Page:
Scientists have long recognized that people with Parkinson’s disease (PD) lack a crucial chemical messenger in their brains, called dopamine. It turns out dopamine may be the first leg in a complex chemical message relay that controls the body’s movement.
In 2004 and 2005, Anthony R. West, Ph.D., Associate Professor in the Department of Neuroscience at the Rosalind Franklin University of Medicine and Science (RFUMS), investigated this chemical relay with funding from PDF’s International Research Grants Program.
Dr. West notes that because dopamine plays an important role in beginning the relay, it can slow or disrupt the relay when its levels are insufficient. This is what happens in Parkinson’s. He says that the results from his studies suggest a new approach to Parkinson’s therapy — involving a neurotransmitter called nitric oxide — that targets another step in this relay.
How does the relay work? First, cells in the brain’s substantia nigra release dopamine into the area of the brain called the striatum, long known as a key control center for the initiation of movement. Dopamine targets two major types of cells in the striatum called projection neurons and interneurons. Although the interneurons are few in number, they hold powerful influence over the projection neurons by sending a second leg of relay signals, including nitric oxide, to these cells. In the third stage of the neurotransmitter race, these projection neurons release signaling molecules related to the body’s movement in downstream brain centers.
Early in his research, Dr. West discovered that the neurotransmitter nitric oxide excites the projection neurons by stimulating the production of “messenger molecules” called cyclic nucleotides. In PD, this excitement is thought to be too strong, which leads to disruptions in movement, such as akinesia.
More than 10 years ago, Dr. West was unraveling this chemical circuit in the brains of normal rats. Grants from PDF allowed him to expand his research to an animal model that mimics aspects of Parkinson’s. “The funding from PDF allowed us to get into the Parkinson’s field — it had a major impact on the direction of my research,” says Dr. West. “With the Parkinson’s animal models, we could test some of our hypotheses generated from studies in normal rats.”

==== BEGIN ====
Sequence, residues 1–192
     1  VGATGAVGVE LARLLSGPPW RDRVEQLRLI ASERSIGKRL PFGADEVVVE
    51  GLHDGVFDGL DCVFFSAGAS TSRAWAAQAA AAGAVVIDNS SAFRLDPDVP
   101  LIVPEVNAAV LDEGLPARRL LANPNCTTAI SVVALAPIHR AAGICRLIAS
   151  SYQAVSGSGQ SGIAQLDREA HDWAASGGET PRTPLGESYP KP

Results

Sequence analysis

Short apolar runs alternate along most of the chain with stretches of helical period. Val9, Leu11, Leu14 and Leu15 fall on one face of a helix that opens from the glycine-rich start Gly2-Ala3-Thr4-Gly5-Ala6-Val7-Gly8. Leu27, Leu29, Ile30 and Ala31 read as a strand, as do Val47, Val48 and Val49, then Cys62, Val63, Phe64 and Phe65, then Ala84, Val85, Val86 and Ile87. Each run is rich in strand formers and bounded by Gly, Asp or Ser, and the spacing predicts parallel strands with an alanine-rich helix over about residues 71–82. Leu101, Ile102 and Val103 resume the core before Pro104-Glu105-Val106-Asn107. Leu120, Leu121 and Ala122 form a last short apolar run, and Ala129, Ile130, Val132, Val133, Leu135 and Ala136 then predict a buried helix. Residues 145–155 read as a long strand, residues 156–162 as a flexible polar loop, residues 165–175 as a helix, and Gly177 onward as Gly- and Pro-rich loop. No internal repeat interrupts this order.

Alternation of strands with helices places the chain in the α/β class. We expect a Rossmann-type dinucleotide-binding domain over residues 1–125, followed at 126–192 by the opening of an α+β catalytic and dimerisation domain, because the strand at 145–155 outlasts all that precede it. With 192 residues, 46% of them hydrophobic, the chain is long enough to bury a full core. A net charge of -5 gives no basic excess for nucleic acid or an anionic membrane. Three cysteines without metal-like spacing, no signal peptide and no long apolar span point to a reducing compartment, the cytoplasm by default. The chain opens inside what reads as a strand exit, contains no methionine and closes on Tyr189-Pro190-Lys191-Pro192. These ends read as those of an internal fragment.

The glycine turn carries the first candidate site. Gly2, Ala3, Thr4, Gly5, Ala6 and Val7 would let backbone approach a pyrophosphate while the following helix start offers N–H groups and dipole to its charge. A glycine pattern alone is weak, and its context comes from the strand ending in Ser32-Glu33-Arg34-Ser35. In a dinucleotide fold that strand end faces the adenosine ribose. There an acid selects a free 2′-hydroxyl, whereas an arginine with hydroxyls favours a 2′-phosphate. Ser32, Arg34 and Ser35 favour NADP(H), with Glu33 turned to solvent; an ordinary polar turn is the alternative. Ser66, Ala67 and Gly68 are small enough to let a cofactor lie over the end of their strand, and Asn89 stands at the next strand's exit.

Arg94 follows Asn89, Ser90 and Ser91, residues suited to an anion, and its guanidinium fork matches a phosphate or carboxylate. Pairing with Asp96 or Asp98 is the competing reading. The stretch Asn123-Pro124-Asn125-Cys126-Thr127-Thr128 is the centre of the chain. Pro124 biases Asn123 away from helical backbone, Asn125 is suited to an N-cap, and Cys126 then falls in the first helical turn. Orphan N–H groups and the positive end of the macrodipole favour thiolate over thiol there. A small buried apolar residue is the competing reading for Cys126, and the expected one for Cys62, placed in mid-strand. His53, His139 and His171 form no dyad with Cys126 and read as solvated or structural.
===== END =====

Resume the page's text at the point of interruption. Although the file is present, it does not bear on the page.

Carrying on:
To expand his studies to Parkinson’s, Dr. West teamed up with colleague Kuei Tseng, M.D., Ph.D., who works with a mouse model of Parkinson’s. Their work showed that reducing cyclic nucleotides in the striatum also reduced the abnormal excitation of the projection neurons. Many scientists have studied such nerve signaling using slices of brain in a glass dish. Dr. West and Dr. Tseng instead developed methods that allowed them to look at these signaling processes in the intact brain, and determine how nerve cells respond to changing levels of cyclic nucleotides.
“Those are promising approaches that PDF helped us to develop and apply to Parkinsonian models” says Dr. West. Data collected from these studies helped Dr. West secure further funding from the National Institute of Neurological Disorders and Stroke.
Dr. West’s basic studies point to a new therapeutic approach to Parkinson’s: finding ways to lessen the excitatory impact of cyclic nucleotides. He has already tested one compound that does this, ODQ, in rat and mouse models. He has found that the drug significantly improved measures of “stepping behavior” used to assess akinesia, that is, trouble with initiating movement.
“We don’t know yet whether the drug tested in animals is safe for human use,” says Dr. West, “but we think that the general approach of manipulating this pathway has great potential as a therapy for Parkinson’s.”
The bottom line is this: the investment that PDF made almost a decade ago in a young scientist’s risk-taking research not only helped launch a laboratory devoted to basic PD science, but also may pay off in the form of a new PD treatment.
Dr. West’s research was funded through the International Research Grants Program. In FY2012, PDF is supporting the program with $825,000.